First maxillary molar (part 1)

The first maxillary molar is the most significant tooth of all maxillary molar teeth. It has a rhomboid shape, and its mesiodistal length is slightly smaller than the buccolingual length. The buccal mesiodistal length of the first maxillary molar is narrower than the same palatal length. 

The cervical distobuccal line angle is concave and rounded, and it is a common site for plaque retention. The buccal surface is flatter than the palatal, as the palatal surface tends to be more convex.

The first maxillary molar presents with four cusps:

The first maxillary molar is the only tooth of the maxillary molars, which sometimes has a 5th cusp called the cusp of Carabelli. The cusp of Carabelli is usually connected with the mesiolingual cusp. Also, the 5th cusp groove is usually present. The highest point of each cusp is known as the cusp apex.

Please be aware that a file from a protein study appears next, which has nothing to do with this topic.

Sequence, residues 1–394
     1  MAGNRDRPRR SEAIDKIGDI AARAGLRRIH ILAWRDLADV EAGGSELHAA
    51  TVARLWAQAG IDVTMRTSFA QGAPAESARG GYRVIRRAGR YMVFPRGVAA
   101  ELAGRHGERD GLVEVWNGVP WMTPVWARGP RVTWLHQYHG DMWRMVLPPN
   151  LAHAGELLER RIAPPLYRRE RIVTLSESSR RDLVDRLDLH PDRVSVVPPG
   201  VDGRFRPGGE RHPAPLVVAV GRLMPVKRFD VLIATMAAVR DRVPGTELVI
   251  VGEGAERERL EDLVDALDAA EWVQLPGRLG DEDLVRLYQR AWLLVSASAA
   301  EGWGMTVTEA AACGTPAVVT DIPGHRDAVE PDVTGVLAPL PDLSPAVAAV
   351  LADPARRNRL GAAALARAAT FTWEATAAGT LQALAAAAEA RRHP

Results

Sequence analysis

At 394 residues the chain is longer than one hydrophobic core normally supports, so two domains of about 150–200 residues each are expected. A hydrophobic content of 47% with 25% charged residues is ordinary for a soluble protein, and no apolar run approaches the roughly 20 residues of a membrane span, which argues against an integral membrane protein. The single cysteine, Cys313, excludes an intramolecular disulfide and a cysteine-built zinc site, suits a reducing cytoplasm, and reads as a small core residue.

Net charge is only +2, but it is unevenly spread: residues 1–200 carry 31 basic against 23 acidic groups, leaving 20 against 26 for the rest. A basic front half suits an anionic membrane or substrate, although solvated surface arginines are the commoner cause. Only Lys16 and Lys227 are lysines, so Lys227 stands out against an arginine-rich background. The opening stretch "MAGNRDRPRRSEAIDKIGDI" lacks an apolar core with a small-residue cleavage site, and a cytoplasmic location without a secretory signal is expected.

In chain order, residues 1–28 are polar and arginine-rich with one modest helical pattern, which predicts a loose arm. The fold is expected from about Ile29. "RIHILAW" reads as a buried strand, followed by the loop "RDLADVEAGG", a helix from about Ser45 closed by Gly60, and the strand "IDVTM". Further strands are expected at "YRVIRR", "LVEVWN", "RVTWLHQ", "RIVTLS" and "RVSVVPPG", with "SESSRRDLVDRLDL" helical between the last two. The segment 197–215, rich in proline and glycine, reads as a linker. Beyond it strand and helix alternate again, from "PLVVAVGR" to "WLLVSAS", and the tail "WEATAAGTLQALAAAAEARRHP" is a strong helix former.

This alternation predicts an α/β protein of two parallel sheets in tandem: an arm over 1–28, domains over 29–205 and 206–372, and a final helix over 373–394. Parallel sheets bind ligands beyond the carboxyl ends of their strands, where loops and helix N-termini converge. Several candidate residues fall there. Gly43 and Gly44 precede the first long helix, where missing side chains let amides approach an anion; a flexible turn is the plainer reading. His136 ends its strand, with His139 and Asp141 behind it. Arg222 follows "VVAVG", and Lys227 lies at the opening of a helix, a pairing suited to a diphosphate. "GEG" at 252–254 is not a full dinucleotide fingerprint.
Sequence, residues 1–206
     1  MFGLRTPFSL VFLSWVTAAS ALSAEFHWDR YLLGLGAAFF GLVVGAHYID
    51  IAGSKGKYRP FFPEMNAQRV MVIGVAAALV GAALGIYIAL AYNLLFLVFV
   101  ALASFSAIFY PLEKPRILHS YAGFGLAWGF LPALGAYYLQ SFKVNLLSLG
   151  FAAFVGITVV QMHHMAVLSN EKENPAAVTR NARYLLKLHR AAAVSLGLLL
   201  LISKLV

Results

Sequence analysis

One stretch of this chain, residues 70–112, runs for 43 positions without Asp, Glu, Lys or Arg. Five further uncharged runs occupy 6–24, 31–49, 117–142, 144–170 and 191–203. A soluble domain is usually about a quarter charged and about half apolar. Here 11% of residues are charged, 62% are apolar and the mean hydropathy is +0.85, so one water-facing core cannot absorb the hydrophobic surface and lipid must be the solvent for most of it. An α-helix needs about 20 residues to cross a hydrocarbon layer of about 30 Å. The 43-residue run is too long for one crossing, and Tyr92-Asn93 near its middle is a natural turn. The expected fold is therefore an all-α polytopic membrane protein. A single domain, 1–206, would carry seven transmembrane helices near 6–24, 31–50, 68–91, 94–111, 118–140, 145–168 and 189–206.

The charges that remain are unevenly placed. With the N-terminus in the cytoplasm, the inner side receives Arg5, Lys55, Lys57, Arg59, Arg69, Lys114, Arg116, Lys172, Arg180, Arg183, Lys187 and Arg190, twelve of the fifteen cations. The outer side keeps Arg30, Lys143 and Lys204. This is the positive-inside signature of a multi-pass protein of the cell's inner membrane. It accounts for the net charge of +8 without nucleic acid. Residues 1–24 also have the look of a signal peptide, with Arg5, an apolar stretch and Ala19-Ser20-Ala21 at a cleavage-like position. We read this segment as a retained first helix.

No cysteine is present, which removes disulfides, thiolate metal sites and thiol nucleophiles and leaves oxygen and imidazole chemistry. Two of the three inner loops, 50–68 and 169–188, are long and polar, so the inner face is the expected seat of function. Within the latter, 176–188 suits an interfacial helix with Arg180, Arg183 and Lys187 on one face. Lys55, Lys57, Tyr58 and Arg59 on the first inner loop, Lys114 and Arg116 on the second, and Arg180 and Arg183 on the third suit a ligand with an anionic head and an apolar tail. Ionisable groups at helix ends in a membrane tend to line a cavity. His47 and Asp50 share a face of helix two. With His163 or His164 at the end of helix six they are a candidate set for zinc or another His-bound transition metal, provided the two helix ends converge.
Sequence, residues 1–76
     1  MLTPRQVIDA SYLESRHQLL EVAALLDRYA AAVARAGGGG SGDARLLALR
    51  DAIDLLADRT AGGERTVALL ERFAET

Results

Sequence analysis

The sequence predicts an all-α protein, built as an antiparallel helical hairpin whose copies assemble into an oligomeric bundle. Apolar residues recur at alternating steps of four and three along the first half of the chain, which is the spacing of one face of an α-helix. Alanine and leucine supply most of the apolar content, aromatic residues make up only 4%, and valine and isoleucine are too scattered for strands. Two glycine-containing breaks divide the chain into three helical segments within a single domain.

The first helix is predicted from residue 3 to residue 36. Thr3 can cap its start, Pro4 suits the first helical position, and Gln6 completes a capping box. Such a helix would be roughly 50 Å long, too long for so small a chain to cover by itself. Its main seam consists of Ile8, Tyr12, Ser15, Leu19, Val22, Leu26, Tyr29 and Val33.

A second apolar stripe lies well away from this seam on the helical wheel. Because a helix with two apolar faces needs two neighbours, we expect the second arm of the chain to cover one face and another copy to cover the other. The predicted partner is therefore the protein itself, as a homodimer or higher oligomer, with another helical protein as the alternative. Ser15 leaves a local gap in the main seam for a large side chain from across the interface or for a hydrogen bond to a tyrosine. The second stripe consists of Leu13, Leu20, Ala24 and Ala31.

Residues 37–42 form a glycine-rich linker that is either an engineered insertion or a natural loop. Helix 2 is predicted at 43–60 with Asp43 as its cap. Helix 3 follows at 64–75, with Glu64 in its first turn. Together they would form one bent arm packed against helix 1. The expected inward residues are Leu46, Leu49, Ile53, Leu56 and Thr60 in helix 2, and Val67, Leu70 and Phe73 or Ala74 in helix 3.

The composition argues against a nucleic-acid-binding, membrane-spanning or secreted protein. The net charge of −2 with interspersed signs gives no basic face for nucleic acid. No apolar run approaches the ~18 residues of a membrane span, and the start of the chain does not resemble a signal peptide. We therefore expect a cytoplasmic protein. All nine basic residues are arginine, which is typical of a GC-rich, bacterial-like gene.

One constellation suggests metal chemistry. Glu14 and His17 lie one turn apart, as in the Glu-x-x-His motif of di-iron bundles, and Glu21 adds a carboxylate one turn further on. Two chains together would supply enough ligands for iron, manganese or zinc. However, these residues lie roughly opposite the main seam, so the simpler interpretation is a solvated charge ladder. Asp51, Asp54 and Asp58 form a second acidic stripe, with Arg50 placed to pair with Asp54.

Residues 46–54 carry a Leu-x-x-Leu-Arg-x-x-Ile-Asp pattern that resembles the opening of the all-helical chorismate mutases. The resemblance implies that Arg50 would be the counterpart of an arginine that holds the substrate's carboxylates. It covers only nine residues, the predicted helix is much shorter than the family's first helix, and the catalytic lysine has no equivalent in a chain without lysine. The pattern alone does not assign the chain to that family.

The height of the contour of this tooth is as follows:

  • Facial - in the cervical third;
  • Palatal (lingual) - near or in the middle third;
  • Buccal - often called the buccal cervical ridge or simply the cervical ridge.

The first maxillary molar has three roots - mesiobuccal, distobuccal and lingual. The lingual root is the largest and longest of all roots, and it contains a lingual root depression

The mesiobuccal root presents with mesial and distal root depressions. This characteristic can result in a 4th root canal on the mesiobuccal root.

Overall, the roots of the first maxillary molar are divergent, and they can spread out of the periphery of the crown part.